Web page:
I chose the Conti Sport Contacts in the 559 x32mm size because they fit my bike. I’m not sure the additional height and weight of a 1.6 would work on my bike. I’ve run Fatboys which are 1.25 with no problems (No Brake or Fork Rubbing) so I was sure these would work. As you can see in the pictures I’ve included a comparison of a nearly new Fatboy. I read good and bad about the Tom Slick, but I’m not a huge fan of Ritchey because they are more of a design house that outsources everything to someone else. But with these Conti’s being made in India who knows… maybe the Tom Slicks are made by the same people on another line? But given the choice I go with the OEM whenever possible. I also read some less than flattering reviews of the Tom Slicks to go along with the good reviews. I really didn’t find anyone saying anything bad about the Sport Contacts. I’ve also run the GEAX Street runners in the past and loved everything about the way they ride and absolutely hated changing out the flats every 5 miles. The Sport Contacts are supposed to be pretty flat resistant.
My Schwalbe Durano’s have been really good tires. They have about 1,000 miles on them and look hardly worse for the wear… seriously they almost look brand new. At 900 miles my Specialized Fatboys were literally coming apart at the seams and small chunks of tread had come apart. I got 1,200 out of the Fatboy’s but the last 300 miles I was sweating a blowout. And while Fatboy’s have good rolling resistance and are decent in the weight category they are a rough riding tire in my opinion. My Durano tires on the other hand are a decent riding tire at recommended mid range pressure, but a bit doggy if not inflated to full max 8 bar. They perform well at full PSI but slow down as PSI drops. The problem with full PSI (8 bar 115 PSI) in the 1.1 folding I was running is they tend to transmit a lot of road “noise” to my spine. By this I mean they ride rougher, but faster when fully inflated.
Again I thought the Kojak in the 1.3 folding would be the answer. But no luck finding them, and they are so damn expensive. The Kojak 1.3 wire bead is very reasonable, but also hard to find at times. The wire bead Kojak is actually heavier than the wire bead Sport Contact. If I were not so tired right now I’d look up the exact weights. The folding Kojak is lighter than the Conti Sport Contact of the same size.
- Schwalbe Kojak 1.35 Folding (559 35) – 295 grams
- Schwalbe Kojak 1.35 Wire (559 35) – 395 grams
- Continental Sport Contact (559 32) Wire – 350 grams
At least that is what was published on their respective sites as I recall. The Schwalbe is 3mm wider as well, but that means little to me. The compounds and construction are different so the only real way to tell is to just ride them and decide if you like them or not. My hope is the Conti will ride smoother than my Durano tires and provide me with much more road comfort. I understand the rolling resistance is supposed to be very good. But when you are reading reviews on Mountain Bike sites you have to take them with a grain of salt. Most mountain bikers going from knobbies to slicks are going to say they roll good no matter what. As you know the recumbent is a different beast!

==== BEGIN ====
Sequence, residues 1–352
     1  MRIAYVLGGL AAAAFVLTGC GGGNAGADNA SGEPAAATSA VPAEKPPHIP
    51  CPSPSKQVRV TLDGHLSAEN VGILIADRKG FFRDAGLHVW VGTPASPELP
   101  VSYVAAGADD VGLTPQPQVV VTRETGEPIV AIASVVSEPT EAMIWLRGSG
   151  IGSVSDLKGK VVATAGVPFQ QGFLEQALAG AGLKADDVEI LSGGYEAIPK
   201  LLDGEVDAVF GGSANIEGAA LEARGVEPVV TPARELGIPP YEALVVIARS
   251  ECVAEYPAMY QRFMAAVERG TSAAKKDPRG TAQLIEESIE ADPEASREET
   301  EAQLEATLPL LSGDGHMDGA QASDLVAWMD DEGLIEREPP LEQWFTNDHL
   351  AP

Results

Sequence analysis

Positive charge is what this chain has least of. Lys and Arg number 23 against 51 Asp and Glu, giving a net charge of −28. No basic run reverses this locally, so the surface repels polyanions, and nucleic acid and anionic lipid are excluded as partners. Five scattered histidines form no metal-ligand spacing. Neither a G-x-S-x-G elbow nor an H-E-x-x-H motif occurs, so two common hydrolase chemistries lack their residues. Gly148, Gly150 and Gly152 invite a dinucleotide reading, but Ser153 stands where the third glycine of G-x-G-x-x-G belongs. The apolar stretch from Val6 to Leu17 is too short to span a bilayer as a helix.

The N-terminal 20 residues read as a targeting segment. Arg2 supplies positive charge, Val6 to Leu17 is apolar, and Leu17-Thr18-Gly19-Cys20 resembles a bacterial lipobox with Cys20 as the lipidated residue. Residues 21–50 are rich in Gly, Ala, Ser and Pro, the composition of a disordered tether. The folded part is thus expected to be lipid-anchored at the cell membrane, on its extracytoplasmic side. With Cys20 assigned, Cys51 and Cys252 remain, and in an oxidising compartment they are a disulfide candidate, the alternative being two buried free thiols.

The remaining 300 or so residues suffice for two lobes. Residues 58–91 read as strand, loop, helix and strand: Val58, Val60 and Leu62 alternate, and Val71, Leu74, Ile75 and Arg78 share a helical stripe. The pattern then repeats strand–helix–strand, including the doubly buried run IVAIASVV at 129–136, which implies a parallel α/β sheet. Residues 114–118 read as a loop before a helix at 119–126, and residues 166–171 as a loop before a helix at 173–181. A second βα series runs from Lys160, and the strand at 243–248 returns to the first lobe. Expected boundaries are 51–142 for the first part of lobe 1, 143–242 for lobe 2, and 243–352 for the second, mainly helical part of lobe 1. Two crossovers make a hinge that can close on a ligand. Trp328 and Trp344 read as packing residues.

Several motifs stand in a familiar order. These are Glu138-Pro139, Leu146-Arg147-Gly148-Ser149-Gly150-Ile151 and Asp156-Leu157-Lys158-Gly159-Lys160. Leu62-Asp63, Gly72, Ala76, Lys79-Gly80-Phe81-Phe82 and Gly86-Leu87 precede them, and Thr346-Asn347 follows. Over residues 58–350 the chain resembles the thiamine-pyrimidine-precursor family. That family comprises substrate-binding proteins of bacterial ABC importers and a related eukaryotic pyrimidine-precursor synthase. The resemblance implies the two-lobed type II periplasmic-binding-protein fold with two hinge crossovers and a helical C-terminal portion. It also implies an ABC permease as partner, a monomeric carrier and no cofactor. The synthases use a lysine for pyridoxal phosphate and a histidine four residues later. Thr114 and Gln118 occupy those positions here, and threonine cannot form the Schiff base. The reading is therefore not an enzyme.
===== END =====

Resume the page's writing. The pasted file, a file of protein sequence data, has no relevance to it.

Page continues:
Continental Sport Contact Ride Report
I just completed my first ride on the Sport Contact tires and fortunately I am very happy with the performance. The roll equally if not better than the Durano tires I replaced. The rubber compound is a bit stickier and hopefully this trait will carry through out it’s useful life. I doubt they will last as long as the Durano tires which show almost no wear as mentioned above. The asphalt here where I’m riding on the sides of the roads is extremely course and the Sport Contact tires smoothed that out by at least 50%! This is likely due not only to the more supple construction, but the increased air volume and lower tire pressure. I ran them on my first ride at exactly 6 bar (85 psi) maximum recommended inflation. These tires are also a lot more forgiving on the spine than the Specialized Fatboy tires. They are 50 grams lighter than the wired Kojaks (which are just slightly wider my a mm or two). I think I’ve found the tires I’ll be riding from here on out unless the Kojak folding tires somehow magically drop $40 off the price of a pair or the Sport Contact tires become available in a folding version.
I should also note that I have a lot more confidence on these tires a I lean into turns. There is minimal but present sidewall tread which combined with the type of rubber and additional width at lower pressure which are no doubt to account for the increased sense of handling. On the Durano tires I crashed a couple of times at slow speed when the backend would slip out from under me during light braking or even acceleration in any debris, dirt, or loose material. I also crashed on the fatboy tires when I got caught in a surprise thunderstorm. Slicks, water, and my bicycle don’t make a pretty combination.
Happy riding, if you’re on the fence about slicks try the Sport Contact – very nice ride for the size and price, in fact I doubt you’ll find better. If you’re wealthy then go ahead and try the folding Kojak.
I’ll revisit this review after I have close to a 1,000 miles so I can comment on the durability.